Richards … all the men, Thor included … came out of the dark putting Joe’s back up again. “Joe, don’t sweat it. They’re OK. Evans here is actually the worst of the lot and you’ve handled him fine.”
That caused Evans to get an insulted look on his face and the men, except for Thor, laughed and suddenly even Joe joined in. “I see you’ve met Rocky. Watch out for the mouth; it’s licensed as a deadly weapon.”
“Hey, whose side you on?” I asked Joe, funning him right back.
Richards was in the processes of examining Evans and complimenting Sheila’s work – which of course didn’t hurt Joe’s feelings any either – when Thor walked over. “Who’s he?” he asked like Joe wasn’t standing right there.
I looked at him like he had dragged something in on the bottom of his shoe. “A friend. From school.”
Joe got a surprised look on his face but then grinned that grin that always warned me to watch out. He stuck his hand out. “Joe Crabtree. Rocky and I played against each other in highschool.”
“You’re no highschool kid.”
Joe continued to grin, “Nope. Hey, have you met my wife yet?”
Thor’s noses flared and his eyebrows twitched. I told Joe, “Knock it off.” Then turned to Thor and said, “Evans said you guys would be coming. How’d you find him.”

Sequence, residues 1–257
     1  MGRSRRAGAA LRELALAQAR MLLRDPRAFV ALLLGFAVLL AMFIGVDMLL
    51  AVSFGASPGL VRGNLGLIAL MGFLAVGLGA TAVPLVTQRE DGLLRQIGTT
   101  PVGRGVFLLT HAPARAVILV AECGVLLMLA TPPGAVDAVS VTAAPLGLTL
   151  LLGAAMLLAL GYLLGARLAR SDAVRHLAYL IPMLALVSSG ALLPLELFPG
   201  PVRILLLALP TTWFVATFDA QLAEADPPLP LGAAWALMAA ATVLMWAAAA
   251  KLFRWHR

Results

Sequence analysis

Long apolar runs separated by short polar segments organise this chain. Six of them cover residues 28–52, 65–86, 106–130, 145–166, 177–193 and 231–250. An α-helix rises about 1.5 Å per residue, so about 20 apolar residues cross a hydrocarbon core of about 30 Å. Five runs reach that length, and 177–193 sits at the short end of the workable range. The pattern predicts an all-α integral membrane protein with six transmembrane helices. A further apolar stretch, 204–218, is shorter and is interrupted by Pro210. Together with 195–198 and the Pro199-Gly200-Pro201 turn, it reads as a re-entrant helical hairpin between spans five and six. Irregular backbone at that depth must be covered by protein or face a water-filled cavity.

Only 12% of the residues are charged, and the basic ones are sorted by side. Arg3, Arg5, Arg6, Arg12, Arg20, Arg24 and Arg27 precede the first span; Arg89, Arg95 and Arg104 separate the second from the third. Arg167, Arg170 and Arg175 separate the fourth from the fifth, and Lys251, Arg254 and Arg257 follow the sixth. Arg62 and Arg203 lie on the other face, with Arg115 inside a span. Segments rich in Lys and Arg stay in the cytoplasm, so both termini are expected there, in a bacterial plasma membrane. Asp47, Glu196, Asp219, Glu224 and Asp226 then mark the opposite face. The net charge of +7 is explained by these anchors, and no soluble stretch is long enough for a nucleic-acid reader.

After a last suspicious look at Joe who was still grinning he said, “Followed the description of a one-eyed man after finding the group that had taken Evans … tied up.”
Joe and I looked at one another and then we both burst out laughing. We hadn’t told anyone up to that point what we’d done … although Sheila suspected we’d been up to something … so the story had to be told.
At the end of the tale Evans groaned, “And I missed it? @#$% Rocky, I’d given a lot to see their faces.”
Joe said, “Well I didn’t want to be there when they woke up, that’s for sure. I wonder who saw us?”
He was looking at me but it was Montgomery who answered, “Nobody mentioned seeing the Kid. They only said something about a guy with an eye patch.”
I must have looked insulted because Joe started laughing again until I aimed a kick at him. Sheila said, “OK, enough shenanigans you two. I swear, you’re worse than my brothers.”
It was getting late and I was getting ready for first watch. When Joe came back from talking to Thor I asked him, “What are you up to?”
“Nothin’,” he said all too innocently.
“Don’t give me that.”
“Oh relax. Evans is too hurt to walk or even ride a horse though they’ve got their own from what I see … some that look awful familiar.” We both nearly started laughing again. “I just said your friend here was welcome to continue riding in the wagon and that they were welcome to tag along if they were so inclined.”
I looked at him trying to figure his game.
“Hey,” he said. “It’s not like a few more warm bodies to protect the women and wagons wouldn’t be welcome.”